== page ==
This is the title of a book by Natalie Goldberg that I recently picked up at the libary, attracted by the title, and thinking it would be full of inspirational tales along the lines of Edison, who produced 10,000 crappy light bulbs before inventing the one that worked.
Natalie Goldberg is at her best as a teacher of both writing and zen and of writing as a spiritual discipline and practice. I first encountered her books around 20 years ago. Writing Down the Bones was all the rage in writing groups and of course, being contrary, I avoided it for a few years and then read both that one and Wild Mind (basically a re-run of Bones, but enjoyable). I found them invigorating, and loved the spiritual aspect, though her favourite methods didn’t work for me.
The Great Failure, however, isn’t about writing nor is it about failure as a path to success. It’s a memoir about the two important men in her life and their failure to maintain appropriate boundaries, resulting in abuse of their positions, one as father, the other as teacher. It’s a divided book, not only in its subject matter, but in the success of the portraits.
Her portrait of her father is nuanced and vivid. He was, as one would say in Yiddish, “a grober yung,” a boor (literally “a gross boy”). He had little boyhood himself, and was little cared for. As a man he was crass and oblivious to his crassness. He commented on his pubescent daughter’s body, he held her too tight, he made her uncomfortable enough to avoid being alone with him. A bartender, he had no understanding of his adult daughter’s career as a Buddhist teacher, but he was earthy and without pretension.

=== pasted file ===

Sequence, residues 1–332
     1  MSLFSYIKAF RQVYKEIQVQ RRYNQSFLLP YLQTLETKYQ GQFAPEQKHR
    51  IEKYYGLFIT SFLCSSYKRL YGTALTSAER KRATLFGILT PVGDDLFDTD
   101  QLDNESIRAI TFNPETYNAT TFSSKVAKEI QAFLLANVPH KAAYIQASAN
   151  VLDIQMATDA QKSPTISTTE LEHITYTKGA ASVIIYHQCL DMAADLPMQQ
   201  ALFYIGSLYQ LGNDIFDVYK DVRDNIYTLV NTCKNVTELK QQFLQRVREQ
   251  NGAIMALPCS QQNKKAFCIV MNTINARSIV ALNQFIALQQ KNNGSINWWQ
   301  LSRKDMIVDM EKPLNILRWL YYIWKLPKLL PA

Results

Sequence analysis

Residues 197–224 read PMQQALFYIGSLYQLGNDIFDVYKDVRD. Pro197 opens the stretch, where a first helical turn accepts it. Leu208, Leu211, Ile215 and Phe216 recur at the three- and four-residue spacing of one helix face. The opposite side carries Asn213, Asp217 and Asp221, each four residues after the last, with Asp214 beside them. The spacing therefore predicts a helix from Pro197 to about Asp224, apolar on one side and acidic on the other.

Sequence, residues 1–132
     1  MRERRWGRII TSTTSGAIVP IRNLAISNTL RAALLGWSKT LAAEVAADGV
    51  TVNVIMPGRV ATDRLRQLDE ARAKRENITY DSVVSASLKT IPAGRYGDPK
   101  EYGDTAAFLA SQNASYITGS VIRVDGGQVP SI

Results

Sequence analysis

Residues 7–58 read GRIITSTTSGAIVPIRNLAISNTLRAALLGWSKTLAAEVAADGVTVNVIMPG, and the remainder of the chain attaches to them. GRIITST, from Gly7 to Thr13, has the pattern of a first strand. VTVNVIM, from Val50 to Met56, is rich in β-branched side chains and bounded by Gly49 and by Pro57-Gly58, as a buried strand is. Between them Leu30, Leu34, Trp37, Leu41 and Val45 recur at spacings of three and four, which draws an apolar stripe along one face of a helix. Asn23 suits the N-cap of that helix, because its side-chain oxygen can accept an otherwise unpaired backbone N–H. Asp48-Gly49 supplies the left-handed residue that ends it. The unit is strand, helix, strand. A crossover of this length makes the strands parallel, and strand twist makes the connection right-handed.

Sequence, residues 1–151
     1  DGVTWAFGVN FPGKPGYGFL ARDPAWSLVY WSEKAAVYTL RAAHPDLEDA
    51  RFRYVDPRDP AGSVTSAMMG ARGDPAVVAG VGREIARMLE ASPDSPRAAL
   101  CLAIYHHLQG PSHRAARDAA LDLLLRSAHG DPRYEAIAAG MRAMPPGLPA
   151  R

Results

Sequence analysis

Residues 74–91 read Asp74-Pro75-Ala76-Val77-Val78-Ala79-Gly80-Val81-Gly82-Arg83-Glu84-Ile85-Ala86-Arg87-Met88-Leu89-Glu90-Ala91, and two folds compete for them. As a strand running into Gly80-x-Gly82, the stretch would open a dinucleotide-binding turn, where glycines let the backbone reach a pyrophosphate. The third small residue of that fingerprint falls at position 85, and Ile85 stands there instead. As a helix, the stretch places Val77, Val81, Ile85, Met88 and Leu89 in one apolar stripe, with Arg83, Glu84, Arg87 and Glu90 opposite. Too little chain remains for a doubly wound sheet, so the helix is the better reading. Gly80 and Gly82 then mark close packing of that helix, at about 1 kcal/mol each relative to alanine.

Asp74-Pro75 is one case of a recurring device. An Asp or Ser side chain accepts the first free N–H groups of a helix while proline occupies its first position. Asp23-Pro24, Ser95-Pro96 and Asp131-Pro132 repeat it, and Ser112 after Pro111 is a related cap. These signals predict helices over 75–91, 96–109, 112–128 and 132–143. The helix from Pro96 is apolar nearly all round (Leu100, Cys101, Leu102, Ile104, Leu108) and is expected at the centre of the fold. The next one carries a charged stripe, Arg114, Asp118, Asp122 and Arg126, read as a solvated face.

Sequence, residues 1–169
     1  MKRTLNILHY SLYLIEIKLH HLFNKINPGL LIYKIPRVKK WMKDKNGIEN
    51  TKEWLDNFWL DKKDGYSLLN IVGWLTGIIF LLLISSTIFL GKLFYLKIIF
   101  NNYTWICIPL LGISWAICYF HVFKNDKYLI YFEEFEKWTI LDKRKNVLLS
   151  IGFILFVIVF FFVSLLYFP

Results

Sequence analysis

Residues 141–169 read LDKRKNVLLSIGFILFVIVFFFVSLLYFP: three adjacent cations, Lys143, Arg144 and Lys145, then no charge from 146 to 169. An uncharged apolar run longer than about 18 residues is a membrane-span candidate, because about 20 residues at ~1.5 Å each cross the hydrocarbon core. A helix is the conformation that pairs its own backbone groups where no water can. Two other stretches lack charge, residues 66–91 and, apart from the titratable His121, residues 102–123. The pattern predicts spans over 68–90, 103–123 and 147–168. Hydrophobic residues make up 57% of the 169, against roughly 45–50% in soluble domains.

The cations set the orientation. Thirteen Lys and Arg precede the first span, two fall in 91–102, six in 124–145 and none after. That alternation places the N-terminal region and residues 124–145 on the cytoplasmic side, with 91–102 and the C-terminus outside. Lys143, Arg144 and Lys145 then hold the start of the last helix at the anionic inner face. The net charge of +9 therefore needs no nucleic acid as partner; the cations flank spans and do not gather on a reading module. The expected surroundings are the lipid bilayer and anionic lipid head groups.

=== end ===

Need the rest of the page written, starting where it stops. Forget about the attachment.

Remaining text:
During a visit to her home in the southwest, he sat outside to watch the sunrise at her command. When she asked him what he thought of it, he was nonplussed; it was a sunrise, it happens every morning. On another occasion she tried to teach her parents to meditate. After ten minutes of silence, she asked him if he’d noticed how busy the mind was, how many thoughts flit through it. He said he hadn’t thought at all, not a single thought. What was it like for him, she asked. It was like it always is when nobody is talking or doing anything, he said.
He was loud, he was busy, he was vigorous, he was insulting, a grober yung who loved his daughter with all his heart. His simplicity, his complexity, and her forgiveness for all of it comes through vividly.
It stays with me. And I envy her this possibility of forgiveness because, although her father failed in many ways it was out of ignorance, not intention, and there is all the difference in that.
Her portrayal of her teacher, Katagiri Roshi, a zen master and founding abbot of the Minnesota Zen Meditation Center, while sincere lacks the vibrancy and understanding she has for her father. Katagiri’s motivations and feelings in carrying on secret affairs with students are unknowns that Goldberg tries to fill in with guesswork. Her guesses are sometimes plausible and sometimes, for me, dubious. And the situation is different in another way; he was her teacher not ever her lover. The wounds are wounds of disillusion, and as disappointing as the disillusion is, it is a surface wound compared to what she experienced as a daughter.
Perhaps better writing comes out of deeper wounds. I wonder what, as a teacher herself, she would say about that.